Data from the Individual Income Tax (IRPF) in Brazil explain the huge income disparity and the high salary concentration in federal civil servants in relation to the rest of the population.
The figures also reveal how only a small portion of the population pays Brazil taxes, via Income Tax: 14.4%. This is less than the Latin American average and that of many countries in southern Europe.
Even so, Brazil has one of the highest tax burdens among the emerging countries - and very much on consumption, burdening the poor proportionately more.
Because of the federal employees in BrasÃlia, the Federal District (DF) has the highest average income among the 27 units of the Federation (considering who declares the IRPF and who does not) and among the taxpayers only.
In the total population, income in the Federal District is R $ 2,981 per month, compared to R $ 1,228 in the country's general average. Among taxpayers, it's R $ 11,994, compared to R $ 8,528 on average for those who declare IRPF.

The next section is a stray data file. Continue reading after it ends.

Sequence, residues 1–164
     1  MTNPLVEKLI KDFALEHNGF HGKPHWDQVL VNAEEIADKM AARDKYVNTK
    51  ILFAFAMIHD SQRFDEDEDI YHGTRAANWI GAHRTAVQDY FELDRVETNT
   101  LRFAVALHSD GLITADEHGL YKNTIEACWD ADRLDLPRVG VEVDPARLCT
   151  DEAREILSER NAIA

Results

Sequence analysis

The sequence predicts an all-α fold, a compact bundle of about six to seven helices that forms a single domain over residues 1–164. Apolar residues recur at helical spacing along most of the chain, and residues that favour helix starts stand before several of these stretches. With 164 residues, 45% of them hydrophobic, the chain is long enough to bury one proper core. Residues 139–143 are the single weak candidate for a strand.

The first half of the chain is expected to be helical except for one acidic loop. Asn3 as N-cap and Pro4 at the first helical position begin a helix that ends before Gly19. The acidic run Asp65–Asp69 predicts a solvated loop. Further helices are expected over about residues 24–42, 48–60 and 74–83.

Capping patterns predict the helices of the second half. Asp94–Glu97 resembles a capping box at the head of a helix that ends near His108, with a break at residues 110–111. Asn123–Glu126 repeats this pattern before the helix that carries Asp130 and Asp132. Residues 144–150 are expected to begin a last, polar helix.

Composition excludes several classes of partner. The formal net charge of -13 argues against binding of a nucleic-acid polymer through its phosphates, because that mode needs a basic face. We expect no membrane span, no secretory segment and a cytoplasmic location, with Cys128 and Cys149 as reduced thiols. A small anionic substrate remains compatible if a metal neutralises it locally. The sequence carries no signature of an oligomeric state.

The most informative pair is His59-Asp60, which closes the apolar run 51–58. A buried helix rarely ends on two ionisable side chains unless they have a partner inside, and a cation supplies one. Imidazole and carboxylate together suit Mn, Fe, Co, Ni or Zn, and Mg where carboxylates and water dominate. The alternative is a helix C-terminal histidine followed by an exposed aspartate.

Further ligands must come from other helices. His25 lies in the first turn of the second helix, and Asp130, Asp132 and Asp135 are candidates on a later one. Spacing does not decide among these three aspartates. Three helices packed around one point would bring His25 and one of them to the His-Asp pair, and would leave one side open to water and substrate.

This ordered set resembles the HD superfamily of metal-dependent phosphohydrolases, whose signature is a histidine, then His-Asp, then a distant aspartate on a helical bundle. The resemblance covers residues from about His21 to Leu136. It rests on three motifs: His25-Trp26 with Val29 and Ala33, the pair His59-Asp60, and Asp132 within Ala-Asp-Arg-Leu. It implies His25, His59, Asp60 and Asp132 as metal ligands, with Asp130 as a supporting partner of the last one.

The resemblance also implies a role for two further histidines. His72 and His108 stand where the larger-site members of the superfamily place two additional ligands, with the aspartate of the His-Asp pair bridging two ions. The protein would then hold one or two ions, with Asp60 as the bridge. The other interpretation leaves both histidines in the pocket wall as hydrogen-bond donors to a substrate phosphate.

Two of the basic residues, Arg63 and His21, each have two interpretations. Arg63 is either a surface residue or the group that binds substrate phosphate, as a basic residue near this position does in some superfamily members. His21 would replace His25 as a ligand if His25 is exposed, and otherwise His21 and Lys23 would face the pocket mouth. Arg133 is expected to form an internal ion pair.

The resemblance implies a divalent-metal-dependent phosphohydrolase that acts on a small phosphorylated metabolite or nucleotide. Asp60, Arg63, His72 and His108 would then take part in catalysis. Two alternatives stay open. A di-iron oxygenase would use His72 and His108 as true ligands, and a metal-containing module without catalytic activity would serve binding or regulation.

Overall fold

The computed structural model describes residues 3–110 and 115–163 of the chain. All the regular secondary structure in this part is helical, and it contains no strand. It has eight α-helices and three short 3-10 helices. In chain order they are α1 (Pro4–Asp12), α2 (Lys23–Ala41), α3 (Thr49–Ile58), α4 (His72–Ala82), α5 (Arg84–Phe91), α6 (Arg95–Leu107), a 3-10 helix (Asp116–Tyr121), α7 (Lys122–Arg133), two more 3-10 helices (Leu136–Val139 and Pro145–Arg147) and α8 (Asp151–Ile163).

The federal capital is also the unit of the Federation where there are more deponents: 24.8%, precisely because of public and formal jobs.
The data, organized by FGV Social as from the 2018 IRPF, include all declared income, including financial investments and so-called PJ (legal entities), often individuals who collect lower taxes through Simples.
In comparisons between the average income of the population and the civil service, it is common for unions of civil servants to complain that PJs are not included. Here, this happens - and even so, the income of the class is higher.
Translated by Kiratiana Freelon